Away from headquarters, Walmart also continued its healthcare ambitions this week as it moved forward with plans to open at least five new healthcare centers in Florida, starting with a Jacksonville location that opened. this week.

“Two years after launching Walmart Health, we continue to evolve and grow to make healthcare even more accessible to the communities we serve,” said Dr. David Carmouche, senior vice president of omnichannel care offerings. at Walmart, in a company press release. , who noted that there is currently only one primary care physician for every 1,380 Florida residents.

come drive with me

Although the US economy has been said to “move by truck”, it also gets a big helping hand from wages earned by employees. At this point, Walmart combined the two concepts this week when it announced it was raising starting salaries for truck drivers and increasing salaries for about 12,000 of its on-the-road employees.

“Walmart drivers can now earn up to $110,000 in their first year with the company. And that’s just the start — drivers who have been with Walmart longer can earn even more, depending on factors like seniority and location,” the company blog reads.

The eye-catching ad is, of course, aimed at attracting and retaining the people it needs to supply its 210 distribution centers and 5,000 national stores. It also comes at a time of intense industry-wide competition for skilled drivers, as well as innovations such as driverless trucks to alleviate a factory-to-last-mile problem that affects all retailers, including Amazon.

take me to the moon

Finally, we turn to the final frontier — space — where Amazon continues to push the non-commercial boundaries of its consumer ecosystem by announcing a long-term plan this week involving rocket launches and satellites needed to bring service. Affordable high-speed internet to underserved communities.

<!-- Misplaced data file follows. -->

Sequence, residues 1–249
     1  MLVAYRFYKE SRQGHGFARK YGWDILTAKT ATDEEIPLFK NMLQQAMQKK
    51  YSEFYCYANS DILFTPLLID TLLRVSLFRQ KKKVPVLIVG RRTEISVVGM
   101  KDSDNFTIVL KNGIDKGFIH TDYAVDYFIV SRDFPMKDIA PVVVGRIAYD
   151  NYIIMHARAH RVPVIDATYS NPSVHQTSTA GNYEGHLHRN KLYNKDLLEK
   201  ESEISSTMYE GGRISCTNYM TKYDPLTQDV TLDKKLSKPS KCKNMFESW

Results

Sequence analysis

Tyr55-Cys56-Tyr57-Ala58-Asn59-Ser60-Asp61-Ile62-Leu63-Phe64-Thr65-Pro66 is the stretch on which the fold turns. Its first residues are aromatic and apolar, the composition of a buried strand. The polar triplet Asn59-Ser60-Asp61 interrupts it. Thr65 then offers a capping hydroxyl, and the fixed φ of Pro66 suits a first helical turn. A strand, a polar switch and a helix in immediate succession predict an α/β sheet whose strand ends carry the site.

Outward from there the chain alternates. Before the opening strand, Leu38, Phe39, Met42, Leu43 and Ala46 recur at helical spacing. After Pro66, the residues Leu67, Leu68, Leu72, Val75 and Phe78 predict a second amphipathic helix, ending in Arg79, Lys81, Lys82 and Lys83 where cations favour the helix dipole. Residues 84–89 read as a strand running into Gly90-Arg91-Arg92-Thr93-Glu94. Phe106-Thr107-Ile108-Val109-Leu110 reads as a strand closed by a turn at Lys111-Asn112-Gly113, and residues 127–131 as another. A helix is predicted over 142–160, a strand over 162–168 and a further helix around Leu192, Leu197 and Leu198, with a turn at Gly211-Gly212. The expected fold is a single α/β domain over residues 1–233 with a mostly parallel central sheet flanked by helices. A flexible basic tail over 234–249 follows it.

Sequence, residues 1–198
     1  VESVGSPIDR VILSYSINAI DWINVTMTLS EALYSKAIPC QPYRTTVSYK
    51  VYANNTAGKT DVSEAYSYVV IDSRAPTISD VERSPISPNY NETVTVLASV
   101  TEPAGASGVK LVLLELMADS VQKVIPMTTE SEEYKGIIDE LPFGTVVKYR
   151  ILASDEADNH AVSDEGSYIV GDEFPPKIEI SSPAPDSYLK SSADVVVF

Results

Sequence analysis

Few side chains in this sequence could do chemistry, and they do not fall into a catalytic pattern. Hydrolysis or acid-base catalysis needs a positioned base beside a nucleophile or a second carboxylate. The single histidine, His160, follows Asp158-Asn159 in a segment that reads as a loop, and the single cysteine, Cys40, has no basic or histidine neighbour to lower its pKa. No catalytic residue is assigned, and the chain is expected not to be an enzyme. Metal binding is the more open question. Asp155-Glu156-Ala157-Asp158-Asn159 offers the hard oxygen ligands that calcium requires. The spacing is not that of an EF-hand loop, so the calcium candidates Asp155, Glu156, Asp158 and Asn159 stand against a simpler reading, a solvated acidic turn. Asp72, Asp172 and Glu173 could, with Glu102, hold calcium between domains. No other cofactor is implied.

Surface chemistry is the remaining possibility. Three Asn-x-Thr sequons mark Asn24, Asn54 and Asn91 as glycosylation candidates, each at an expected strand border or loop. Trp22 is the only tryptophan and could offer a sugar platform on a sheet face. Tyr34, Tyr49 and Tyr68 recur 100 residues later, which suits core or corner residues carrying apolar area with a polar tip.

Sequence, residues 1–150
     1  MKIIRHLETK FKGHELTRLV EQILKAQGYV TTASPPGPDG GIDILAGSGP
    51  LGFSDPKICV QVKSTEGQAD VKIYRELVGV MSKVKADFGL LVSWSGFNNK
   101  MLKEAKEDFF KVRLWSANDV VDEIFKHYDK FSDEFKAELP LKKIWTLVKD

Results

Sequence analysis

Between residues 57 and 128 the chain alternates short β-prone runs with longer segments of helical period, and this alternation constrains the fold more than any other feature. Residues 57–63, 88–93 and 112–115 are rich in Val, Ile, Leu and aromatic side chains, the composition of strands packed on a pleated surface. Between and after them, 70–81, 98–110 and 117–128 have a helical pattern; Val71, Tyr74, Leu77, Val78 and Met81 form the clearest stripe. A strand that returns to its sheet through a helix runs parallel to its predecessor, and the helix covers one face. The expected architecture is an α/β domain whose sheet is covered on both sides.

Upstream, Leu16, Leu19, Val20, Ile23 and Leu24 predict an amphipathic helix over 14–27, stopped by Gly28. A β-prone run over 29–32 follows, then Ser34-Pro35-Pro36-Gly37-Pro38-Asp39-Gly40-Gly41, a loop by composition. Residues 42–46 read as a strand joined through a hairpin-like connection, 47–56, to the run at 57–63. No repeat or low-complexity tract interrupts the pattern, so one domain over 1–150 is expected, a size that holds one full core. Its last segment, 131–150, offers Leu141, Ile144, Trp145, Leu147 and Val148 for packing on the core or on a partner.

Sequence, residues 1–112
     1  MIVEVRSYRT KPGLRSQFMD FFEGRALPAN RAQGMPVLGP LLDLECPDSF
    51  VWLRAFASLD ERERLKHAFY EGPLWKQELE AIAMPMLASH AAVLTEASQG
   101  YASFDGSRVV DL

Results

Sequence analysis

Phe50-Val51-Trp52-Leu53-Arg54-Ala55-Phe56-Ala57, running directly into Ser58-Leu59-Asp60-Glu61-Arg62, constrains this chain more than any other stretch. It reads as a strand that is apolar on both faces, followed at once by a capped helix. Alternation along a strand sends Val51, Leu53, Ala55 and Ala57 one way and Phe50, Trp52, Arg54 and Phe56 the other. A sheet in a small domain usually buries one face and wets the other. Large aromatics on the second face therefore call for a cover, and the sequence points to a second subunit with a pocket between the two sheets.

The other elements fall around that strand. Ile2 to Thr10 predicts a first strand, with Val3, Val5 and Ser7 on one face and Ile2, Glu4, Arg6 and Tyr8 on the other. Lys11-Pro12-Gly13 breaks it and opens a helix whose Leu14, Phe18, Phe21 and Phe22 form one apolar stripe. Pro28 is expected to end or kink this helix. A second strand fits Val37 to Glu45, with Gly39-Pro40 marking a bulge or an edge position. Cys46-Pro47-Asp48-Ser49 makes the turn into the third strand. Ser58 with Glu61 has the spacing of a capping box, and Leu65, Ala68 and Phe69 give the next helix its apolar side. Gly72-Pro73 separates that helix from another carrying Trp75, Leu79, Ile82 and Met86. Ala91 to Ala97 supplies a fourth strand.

In a blog post outlining the update to what it calls “Project Kuiper,” the $1.6 trillion Seattle-based e-commerce leader revealed a roadmap that will use Low Earth Orbit (LEO) satellites to bring more people online.

“We are delighted to announce that we have secured up to 83 launches from three commercial space companies – Arianespace, Blue Origin and United Launch Alliance (ULA) – to provide heavy lift capability for the program,” the company said. , before revealing the true scope and scale of its initiatives in space.

“These agreements mean that we have sufficient capacity to carry the majority of the 3,236 satellites that make up our constellation of satellites into space,” Amazon said.



On: Patient portals have become a must-have for providers, so much so that 61% of patients interested in using the tools say they would choose a provider that offers one. For Accessing Healthcare: Easing Digital Frictions In The Patient Journey, a collaboration between PYMNTS and Experian Health, PYMNTS surveyed 2,333 consumers to learn how healthcare providers can ease digital pain points to improve care and satisfaction. patients.